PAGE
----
Nearly everyone agrees that something needs to be done to resolve the chaos at Pennsylvania Station in New York City, the nation’s busiest transit hub. Now comes the hard part of coming up with a solution that avoids controversy.
Amtrak, the state railroad that owns the station and the tracks that run through it, is moving forward with a plan to expand the station at an estimated cost of $12 billion. That plan calls for the demolition of an entire block of Midtown, which is home to a 151-year-old church.
Amtrak on Thursday awarded a contract to design the station expansion, which is expected to cost two years and a whopping $73 million.
But that effort comes just as a separate New York state plan to renovate the existing station has met opposition from community leaders.
The Amtrak expansion is part of a comprehensive program of rail infrastructure improvements known as Gateway. Gateway’s centerpiece would be a new pair of single-track tunnels under the Hudson River between Penn Station and New Jersey.
The new tunnels will complement a parallel pair of tunnels built more than 110 years ago that were still damaged by flooding during Hurricane Sandy in 2012. Ultimately, Gateway could double the capacity for trans-Hudson, with the goal of commuting to the city more efficient and reliable for riders of New Jersey Transit and Amtrak trains.
But Penn Station’s 21 tracks and platforms were already overloaded before the pandemic. For Gateway to fulfill its purpose, the station would need to have more tracks. Finding a place to place them in the middle of Manhattan is the challenge Amtrak has presented to a group of companies led by Arup, an engineering and design firm.
“The station is already operating at an intensity level well above the level it was supposed to support,” said Stephen J. Gardner, Amtrak’s CEO. He added: “We are going to double the width of the pipe, but Penn Station, like the bucket receiving the water from the pipe, is already full.”
Any service interruption at Penn would last at least a few years when construction on the extension would begin. Gateway is not expected to be completed for another decade.
As for the state’s renovation project, it will be the focus of a hearing in Manhattan on Friday, at which state lawmakers will take testimony from state officials, proponents and opponents of government Kathy Hochul’s plan to fund an overhaul of the station. by letting developers fill the neighborhood around it with office towers and other tall buildings. The state would use payments from those developers to cover its share of the $7 billion cost of improving the station.
The renovation aims to replace Penn Station’s warren of cramped corridors, which Ms. Hochul called a “hell hole,” with a spacious, sun-drenched train concourse that she said would “uplift the human spirit.” But community leaders have questioned the feasibility of making commercial developers pay for the station’s renovation and subsequent expansion.
According to the Hochul plan, the towers around the station would largely consist of office space, the demand of which has fallen sharply during the pandemic. The towers would be built over the next 20 to 30 years.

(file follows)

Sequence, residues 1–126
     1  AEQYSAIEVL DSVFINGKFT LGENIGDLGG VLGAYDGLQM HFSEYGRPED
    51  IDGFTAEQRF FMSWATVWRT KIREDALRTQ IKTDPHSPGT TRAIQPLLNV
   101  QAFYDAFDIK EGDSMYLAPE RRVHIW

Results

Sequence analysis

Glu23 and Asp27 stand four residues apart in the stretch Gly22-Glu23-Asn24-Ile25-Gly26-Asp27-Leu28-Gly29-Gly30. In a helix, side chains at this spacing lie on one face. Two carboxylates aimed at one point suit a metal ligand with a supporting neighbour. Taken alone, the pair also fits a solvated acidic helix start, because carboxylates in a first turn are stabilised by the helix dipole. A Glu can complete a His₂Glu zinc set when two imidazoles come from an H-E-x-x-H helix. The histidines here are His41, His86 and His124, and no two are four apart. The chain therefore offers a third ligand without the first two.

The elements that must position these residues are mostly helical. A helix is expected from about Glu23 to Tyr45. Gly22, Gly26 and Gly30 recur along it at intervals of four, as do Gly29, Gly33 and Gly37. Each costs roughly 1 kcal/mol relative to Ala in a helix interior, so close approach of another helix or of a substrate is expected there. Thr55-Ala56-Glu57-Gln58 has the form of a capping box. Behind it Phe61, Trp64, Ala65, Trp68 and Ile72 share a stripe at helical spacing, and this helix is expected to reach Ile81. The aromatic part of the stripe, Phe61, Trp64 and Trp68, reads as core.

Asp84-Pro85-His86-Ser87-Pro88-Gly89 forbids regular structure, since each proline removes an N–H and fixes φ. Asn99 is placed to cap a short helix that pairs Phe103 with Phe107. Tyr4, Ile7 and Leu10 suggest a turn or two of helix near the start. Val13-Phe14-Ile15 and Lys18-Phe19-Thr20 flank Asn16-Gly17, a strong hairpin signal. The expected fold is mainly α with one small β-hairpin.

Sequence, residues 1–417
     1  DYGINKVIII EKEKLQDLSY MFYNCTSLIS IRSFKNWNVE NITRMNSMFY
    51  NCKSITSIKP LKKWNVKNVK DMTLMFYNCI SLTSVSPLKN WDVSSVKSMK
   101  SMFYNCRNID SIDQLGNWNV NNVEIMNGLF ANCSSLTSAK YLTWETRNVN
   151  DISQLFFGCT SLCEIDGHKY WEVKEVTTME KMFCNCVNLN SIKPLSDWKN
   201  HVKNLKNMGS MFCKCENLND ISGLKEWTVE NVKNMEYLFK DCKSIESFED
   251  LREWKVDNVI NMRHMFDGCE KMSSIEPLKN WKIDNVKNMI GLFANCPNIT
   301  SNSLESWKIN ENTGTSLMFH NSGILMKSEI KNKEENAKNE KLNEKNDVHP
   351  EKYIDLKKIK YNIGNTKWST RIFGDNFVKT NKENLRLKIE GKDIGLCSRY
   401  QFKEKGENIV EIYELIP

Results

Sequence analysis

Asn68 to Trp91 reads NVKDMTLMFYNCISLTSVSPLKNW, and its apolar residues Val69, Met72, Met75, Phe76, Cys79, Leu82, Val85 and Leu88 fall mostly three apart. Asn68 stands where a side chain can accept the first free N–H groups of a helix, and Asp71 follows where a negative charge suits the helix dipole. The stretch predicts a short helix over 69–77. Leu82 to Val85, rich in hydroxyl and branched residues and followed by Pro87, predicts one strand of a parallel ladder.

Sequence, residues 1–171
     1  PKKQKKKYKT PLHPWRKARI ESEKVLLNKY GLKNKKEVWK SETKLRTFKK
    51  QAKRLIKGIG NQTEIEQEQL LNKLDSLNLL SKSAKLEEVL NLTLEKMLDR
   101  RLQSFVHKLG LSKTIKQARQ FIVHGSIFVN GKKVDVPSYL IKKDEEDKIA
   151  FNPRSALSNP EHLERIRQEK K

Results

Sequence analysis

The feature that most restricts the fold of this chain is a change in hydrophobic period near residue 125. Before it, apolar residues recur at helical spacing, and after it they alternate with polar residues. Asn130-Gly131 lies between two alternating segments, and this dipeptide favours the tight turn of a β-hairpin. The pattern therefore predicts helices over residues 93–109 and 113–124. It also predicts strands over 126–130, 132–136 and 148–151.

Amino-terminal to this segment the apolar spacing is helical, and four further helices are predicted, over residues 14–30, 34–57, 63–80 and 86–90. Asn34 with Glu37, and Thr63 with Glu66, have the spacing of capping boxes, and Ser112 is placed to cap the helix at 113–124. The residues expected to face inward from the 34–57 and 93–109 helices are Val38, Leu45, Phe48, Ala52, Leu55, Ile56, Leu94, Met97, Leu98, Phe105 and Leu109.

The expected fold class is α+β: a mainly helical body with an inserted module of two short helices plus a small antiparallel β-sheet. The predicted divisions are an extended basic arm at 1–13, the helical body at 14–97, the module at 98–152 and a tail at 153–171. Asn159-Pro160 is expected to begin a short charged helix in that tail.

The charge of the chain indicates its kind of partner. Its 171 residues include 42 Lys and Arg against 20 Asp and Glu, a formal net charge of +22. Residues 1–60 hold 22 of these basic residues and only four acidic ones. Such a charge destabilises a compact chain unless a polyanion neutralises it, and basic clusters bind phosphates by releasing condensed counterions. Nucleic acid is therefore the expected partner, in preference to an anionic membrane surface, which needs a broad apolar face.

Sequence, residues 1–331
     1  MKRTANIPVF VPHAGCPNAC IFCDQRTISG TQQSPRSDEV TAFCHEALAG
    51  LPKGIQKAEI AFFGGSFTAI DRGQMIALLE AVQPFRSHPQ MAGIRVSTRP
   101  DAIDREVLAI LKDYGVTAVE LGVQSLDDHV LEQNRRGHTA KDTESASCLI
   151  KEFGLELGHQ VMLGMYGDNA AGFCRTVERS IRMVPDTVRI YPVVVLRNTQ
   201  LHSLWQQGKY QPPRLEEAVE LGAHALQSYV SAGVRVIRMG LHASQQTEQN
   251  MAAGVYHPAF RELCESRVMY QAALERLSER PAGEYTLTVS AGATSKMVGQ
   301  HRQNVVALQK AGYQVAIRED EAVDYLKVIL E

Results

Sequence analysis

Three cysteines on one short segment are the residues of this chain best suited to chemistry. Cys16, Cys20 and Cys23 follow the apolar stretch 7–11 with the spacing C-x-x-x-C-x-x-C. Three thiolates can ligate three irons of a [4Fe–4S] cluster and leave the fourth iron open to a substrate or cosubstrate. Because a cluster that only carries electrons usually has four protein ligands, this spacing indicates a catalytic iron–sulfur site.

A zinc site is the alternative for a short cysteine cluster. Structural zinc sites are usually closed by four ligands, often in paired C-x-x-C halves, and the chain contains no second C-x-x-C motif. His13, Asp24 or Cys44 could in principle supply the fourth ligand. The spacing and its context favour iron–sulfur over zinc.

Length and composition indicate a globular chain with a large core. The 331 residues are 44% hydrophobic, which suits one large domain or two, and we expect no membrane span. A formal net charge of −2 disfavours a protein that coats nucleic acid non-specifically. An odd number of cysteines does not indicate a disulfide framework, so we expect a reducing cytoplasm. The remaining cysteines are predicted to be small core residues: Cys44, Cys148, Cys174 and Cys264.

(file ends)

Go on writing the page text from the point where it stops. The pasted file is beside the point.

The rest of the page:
A report released last month by the city’s Independent Budget Office concluded that the state had provided too little information about the financing plan to determine whether it is viable, or whether taxpayers might be saddled with some of the costs. Those questions prompted three city senators — Liz Krueger, Leroy Comrie and Luis R. Sepulveda — to convene Friday’s supervisory hearing. Ms. Krueger and Mr. Comrie were among a group of 15 senators who sent a letter to state officials in March demanding that they “pause the Penn Station plan until these answers are given.”
But Ms Hochul has instead pushed for an acceleration of the station’s renovation. Last week, she announced the release of a request for proposals for the redesign, though that project was slated to follow the station’s Amtrak expansion.
Mr Gardner and Tony Coscia, chairman of Amtrak, said the expansion’s designers would consider a range of alternatives, including adding tracks on the south side of Penn Station, below the West 30th Street block, St. John’s old home. the Baptist Roman Catholic Church. “That’s one that Amtrak has been talking about for a long time and that we think is feasible,” said Mr. gardner.
The National Trust for Historic Preservation said it strongly opposed the plan to “demolish several city blocks around Penn Station because they contain several buildings, including the church, which are either already on the National Register of Historic Places or eligible to be renovated.” to be placed on it.
Coordinating the various parts of Gateway and plans for Penn Station is complicated by the number of agencies involved. Amtrak owns most of the infrastructure, but the largest users of Penn Station are the Long Island Rail Road and NJ Transit. The LIRR plans to reroute some of its services to Grand Central Terminal later this year; a few years later, another New York commuter service, the Metro-North Railroad, plans to run some trains to and from Penn.
Amtrak, in partnership with NJ Transit, is taking the lead in planning the expansion. The Metropolitan Transportation Authority, which operates the LIRR and Metro-North, is overseeing the renovation.
“There are just so many chefs in the kitchen and so many questions left unanswered,” said Layla Law-Gisiko, the chair of Community Board 5’s land use committee and a critic of Governor Hochul’s plan.
Amtrak officials hope to avoid the kind of community opposition that could derail the expansion plan. “We must absolutely, fully promote and communicate all the different options,” said Mr. Gardner, “to get a result that works for the community.”